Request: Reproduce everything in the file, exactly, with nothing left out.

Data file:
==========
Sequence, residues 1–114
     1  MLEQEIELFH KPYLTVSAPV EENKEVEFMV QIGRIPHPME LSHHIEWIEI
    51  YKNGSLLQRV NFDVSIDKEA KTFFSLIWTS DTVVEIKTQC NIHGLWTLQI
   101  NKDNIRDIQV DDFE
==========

Sequence, residues 1–114
     1  MLEQEIELFH KPYLTVSAPV EENKEVEFMV QIGRIPHPME LSHHIEWIEI
    51  YKNGSLLQRV NFDVSIDKEA KTFFSLIWTS DTVVEIKTQC NIHGLWTLQI
   101  NKDNIRDIQV DDFE